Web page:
When God made the Sabbath at Creation, He blessed it and made it holy (Genesis 2:3). The Sabbath is also embedded in the Ten Commandments. The fourth commandment says, “Remember the Sabbath day by keeping it holy.” But what does it mean for something to be holy? What does it mean to regard something as holy?
The Bible tells us that God is holy and one of the ways we are to respect His holiness is by being careful how we use His name. The third commandment says, “You shall not misuse the name of the Lord your God” (Exodus 20:7).
Christians generally regard their church sanctuary as a “holy” place, and they treat it with special respect. The Bible says, “The Lord is in his holy temple; let all the earth be silent before him” (Habakkuk 2:20).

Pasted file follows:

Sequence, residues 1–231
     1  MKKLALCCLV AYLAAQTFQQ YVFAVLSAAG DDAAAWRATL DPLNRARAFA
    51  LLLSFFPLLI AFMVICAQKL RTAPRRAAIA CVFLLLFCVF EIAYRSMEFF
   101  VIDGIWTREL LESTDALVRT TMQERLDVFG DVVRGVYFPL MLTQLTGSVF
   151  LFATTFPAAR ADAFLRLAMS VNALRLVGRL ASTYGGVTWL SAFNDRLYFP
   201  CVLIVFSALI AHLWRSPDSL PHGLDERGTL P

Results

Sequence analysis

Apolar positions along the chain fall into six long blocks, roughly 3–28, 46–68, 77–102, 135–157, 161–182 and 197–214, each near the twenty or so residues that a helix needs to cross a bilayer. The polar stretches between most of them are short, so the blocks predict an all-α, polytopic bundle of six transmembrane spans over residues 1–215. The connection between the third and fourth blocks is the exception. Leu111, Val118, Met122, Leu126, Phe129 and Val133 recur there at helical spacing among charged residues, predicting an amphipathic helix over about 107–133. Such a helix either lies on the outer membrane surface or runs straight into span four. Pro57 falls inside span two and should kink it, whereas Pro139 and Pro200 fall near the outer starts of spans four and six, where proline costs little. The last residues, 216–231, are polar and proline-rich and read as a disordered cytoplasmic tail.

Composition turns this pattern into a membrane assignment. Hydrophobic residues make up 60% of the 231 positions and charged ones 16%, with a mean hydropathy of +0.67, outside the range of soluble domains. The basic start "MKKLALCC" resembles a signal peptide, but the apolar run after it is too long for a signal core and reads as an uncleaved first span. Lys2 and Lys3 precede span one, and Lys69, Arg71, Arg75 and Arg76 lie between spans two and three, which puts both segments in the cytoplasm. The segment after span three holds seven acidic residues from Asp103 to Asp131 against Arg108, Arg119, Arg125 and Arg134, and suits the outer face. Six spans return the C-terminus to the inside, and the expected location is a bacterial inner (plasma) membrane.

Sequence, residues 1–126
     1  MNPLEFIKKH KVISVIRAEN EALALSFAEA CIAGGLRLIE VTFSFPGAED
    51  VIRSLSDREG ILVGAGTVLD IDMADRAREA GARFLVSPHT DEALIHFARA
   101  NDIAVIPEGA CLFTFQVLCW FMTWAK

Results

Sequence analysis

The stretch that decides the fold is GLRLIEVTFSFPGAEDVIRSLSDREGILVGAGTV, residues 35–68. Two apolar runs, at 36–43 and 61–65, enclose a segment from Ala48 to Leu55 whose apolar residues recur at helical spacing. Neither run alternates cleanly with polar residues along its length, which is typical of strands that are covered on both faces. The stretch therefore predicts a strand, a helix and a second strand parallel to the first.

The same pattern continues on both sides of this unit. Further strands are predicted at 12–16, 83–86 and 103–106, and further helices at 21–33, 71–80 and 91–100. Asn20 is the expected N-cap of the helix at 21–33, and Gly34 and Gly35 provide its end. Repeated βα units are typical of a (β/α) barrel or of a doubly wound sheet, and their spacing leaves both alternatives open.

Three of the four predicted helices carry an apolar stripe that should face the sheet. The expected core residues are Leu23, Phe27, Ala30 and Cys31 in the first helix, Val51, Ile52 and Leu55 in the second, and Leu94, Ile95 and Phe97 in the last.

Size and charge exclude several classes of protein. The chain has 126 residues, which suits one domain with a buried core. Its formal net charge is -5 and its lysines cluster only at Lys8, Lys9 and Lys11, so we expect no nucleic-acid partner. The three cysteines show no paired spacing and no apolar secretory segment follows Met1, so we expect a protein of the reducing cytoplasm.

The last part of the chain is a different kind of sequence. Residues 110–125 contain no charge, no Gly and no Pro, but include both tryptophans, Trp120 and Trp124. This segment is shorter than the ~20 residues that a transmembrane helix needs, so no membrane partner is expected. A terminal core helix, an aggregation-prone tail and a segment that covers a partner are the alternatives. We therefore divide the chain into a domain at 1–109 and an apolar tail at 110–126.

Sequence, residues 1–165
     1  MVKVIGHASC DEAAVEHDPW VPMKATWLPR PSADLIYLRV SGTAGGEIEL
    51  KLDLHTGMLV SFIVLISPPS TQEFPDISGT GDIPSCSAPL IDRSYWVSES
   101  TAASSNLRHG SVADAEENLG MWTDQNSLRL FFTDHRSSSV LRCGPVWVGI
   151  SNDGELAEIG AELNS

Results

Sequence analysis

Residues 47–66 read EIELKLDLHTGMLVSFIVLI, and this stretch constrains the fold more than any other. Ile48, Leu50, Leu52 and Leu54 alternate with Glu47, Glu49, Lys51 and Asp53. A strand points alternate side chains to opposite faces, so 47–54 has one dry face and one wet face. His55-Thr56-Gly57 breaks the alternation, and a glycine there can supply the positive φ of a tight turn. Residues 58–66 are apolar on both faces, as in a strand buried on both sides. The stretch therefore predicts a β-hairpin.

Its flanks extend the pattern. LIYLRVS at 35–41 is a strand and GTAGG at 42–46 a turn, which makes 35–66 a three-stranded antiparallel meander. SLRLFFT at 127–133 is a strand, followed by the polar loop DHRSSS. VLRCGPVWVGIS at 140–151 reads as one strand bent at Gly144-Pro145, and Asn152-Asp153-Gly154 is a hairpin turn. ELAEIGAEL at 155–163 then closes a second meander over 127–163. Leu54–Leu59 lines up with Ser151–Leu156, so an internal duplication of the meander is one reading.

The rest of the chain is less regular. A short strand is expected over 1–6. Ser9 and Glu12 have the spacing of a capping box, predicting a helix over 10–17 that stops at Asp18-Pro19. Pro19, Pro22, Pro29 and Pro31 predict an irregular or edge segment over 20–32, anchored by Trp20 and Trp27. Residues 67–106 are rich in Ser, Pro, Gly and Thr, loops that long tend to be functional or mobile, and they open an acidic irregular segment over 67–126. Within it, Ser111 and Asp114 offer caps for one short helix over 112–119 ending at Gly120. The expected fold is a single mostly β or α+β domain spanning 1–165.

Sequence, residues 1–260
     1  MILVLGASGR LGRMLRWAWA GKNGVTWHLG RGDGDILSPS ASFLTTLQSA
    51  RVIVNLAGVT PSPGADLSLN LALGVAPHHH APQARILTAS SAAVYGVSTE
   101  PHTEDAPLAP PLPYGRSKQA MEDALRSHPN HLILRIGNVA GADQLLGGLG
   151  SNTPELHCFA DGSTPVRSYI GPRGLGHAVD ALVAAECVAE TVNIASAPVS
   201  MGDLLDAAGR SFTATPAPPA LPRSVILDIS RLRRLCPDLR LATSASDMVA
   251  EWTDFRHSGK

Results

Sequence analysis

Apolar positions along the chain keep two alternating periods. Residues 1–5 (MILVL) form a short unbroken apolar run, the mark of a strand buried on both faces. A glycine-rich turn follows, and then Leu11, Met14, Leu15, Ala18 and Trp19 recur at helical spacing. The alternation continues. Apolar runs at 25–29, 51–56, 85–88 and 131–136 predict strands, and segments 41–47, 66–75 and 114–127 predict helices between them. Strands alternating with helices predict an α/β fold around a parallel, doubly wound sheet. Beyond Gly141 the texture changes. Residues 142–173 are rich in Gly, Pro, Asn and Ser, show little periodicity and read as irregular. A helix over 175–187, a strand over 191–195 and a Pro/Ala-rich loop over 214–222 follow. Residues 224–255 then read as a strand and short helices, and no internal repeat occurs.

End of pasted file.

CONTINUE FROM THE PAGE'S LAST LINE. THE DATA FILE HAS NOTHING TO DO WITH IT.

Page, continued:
Another meaning of the word is that “holy” things are set apart for a special use. That’s why the church, and especially the sanctuary portion of the church, is reserved for proclaiming the Gospel. We don’t use the church and the sanctuary for ordinary activities.
Applying these principles to the Sabbath, we can say that the Sabbath, then, is a day that deserves our special respect and we should set it aside for a special use. The fourth commandment says that we should not do our ordinary work on the Sabbath (Exodus 20:10), whether that’s the job by which we earn our living or housekeeping and yard work.
However, in the Gospels, we do observe Christ giving a much more liberal interpretation of what is appropriate on the day, than those of the contemporary church. His rule of thumb was that it should be a “delight” (Isaiah 58:13) to enjoy, as it “was made for man” (Mark 2:27) and should not be an onorous imposition.
Saturday or Sunday?